David Armstrong's new take on the life of George M. Cohan, "Yankee Doodle Dandy!," was a half-dozen years in the making, so the debut of this ultra-patriotic musical during wartime is nothing more than coincidence.
David Armstrong’s new take on the life of George M. Cohan, “Yankee Doodle Dandy!,” was a half-dozen years in the making, so the debut of this ultra-patriotic musical during wartime is nothing more than coincidence. However, theatergoers’ attitudes toward the U.S.’ current adventures abroad will no doubt color their responses to this wrapped-in-a-flag homage to Old Broadway. Supporters of the U.S. presence in Iraq will hoot and holler for classic, go-go-go American song-and-dance numbers like “Yankee Doodle Dandy!,” “You’re a Grand Old Flag” and “Over There,” while detractors will slump in their seats.
The hooters and hollerers definitely outnumbered the slumpers (or at least outvocalized them) on opening night. But the whole crowd fell quiet during portions of the second act, which has some serious pacing and plotting problems.
“Yankee Doodle Dandy!” is an attempt to tell the life story of musical pioneer Cohan (played as a young man by Sean Martin Hingston) without the whitewash of earlier versions. The tale is framed by scenes of an aged Cohan (Richard Sanders) visiting an old theater pal backstage in a darkened Broadway house in the 1940s.
The first act consists of Cohan’s recollections of his humble beginnings and fireworks-fast rise to success. He got his start early in the family business — vaudeville — as a member of the Four Cohans. By the time he was 20, he was literally running the show — and transforming the face of musical theater at the same time, by marrying story, music and dance.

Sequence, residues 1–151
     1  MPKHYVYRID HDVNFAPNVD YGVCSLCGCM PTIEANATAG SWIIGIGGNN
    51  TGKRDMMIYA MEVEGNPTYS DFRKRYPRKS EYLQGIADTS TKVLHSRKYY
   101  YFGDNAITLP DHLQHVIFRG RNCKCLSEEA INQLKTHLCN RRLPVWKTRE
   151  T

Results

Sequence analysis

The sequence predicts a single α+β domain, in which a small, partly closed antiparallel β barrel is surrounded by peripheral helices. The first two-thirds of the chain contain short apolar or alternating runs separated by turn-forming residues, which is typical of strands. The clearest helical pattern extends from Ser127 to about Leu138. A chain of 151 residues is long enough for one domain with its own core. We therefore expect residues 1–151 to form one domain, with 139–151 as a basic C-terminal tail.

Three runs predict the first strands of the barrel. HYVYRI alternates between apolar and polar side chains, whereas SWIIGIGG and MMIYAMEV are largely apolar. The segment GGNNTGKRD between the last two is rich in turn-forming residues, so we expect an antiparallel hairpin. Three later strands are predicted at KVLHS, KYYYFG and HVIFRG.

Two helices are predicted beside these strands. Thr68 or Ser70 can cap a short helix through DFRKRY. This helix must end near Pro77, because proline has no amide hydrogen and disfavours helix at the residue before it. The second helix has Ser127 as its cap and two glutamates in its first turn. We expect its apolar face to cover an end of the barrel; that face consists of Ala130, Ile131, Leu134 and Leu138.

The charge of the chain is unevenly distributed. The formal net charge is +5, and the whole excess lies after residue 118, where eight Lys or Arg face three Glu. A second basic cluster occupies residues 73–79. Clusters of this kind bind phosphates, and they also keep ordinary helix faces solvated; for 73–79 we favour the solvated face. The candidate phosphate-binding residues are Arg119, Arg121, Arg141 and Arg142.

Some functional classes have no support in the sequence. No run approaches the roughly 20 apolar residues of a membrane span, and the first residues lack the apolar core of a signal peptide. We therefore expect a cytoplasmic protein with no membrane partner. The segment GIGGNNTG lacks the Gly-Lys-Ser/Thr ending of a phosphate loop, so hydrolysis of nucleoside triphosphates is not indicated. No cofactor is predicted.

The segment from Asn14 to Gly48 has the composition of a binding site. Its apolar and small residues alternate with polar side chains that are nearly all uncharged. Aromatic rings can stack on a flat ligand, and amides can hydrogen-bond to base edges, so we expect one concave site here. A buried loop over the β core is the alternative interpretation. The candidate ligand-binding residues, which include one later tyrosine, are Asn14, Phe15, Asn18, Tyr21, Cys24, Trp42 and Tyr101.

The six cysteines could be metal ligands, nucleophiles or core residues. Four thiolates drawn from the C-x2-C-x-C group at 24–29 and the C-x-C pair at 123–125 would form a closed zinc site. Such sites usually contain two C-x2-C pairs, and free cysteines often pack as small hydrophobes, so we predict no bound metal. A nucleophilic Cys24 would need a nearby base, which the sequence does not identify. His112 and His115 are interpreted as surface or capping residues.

This portion of “Yankee Doodle Dandy!” is wildly upbeat. Cohan’s admonition to his cast — “Speed, speed, and lots of it!” — seems to be the overriding principle. Hit song follows hit song (mostly Cohan’s, but with additional music and lyrics by Albert Evans) as we revisit scenes from some of Cohan’s most popular shows.
Sure, there are signs of trouble: Cohan is dangerously brash and driven, and his devotion to his family is shown to be nearly pathological. But the songs are showstoppers (“Yankee Doodle Boy!,” “Give My Regards to Broadway”); the sets and costumes (by James Wolk and Greg A. Poplyk, respectively) are fabulous; and Hingston’s performance as Cohan is inspired, maybe even evangelical. He has all the charisma of a prototypical Broadway wheeler-dealer and could sell a song to a tone-deaf man. Best of all, he’s an old-school tap-dancer — swaggering, nearly pugilistic — and this act is propelled by the kind of vintage hoofing (choreographed by Jamie Rocco) that built Broadway.
Hingston is matched tap for tap by a strong supporting cast, including Dirk Lumbard and Cynthia Ferrer, who play his parents, and Danette Holden, who plays his grin-till-you-grimace sister Josie. Act one culminates with the song “You’re a Grand Old Flag,” with the chorus waving the Stars & Stripes and a huge Old Glory unfurling behind them.
It’s a knockout moment, but after the intermission, the show has to work too hard to recapture this energy. Two problems: The first act is an hour and 40 minutes long, so the second act doesn’t even get under way until 10 p.m. And the shorter second act is much darker, switching focus from the young, can-do Cohan to the older Cohan mulling his failed marriages, broken friendships and his angst over his role in the labor unrest that led (against his wishes) to the formation of Actors’ Equity.
It’s tough at this point for the audience to switch its sympathy from the young Cohan to the old. By 10:45, the razzle-dazzle of the first act has fizzle-dizzled.
After its Seattle run, which closed May 16, “Yankee Doodle Dandy!” moves on to Atlanta and Dallas. And no doubt it has Broadway ambitions. (Members of the National Alliance of Musical Theater, who were in Seattle April 30-May 2 for a conference, were invited to the opening to give it the once-over.)
The show certainly will find fans as it travels, especially among theatergoers nostalgic for the footlight-and-greasepaint Broadway entertainments of yesteryear. But it’s uncertain whether rah-rah American fare can build a broader audience in these polarized times and, even if it can, whether “Yankee Doodle Dandy!” is a well-enough constructed vehicle to deliver it.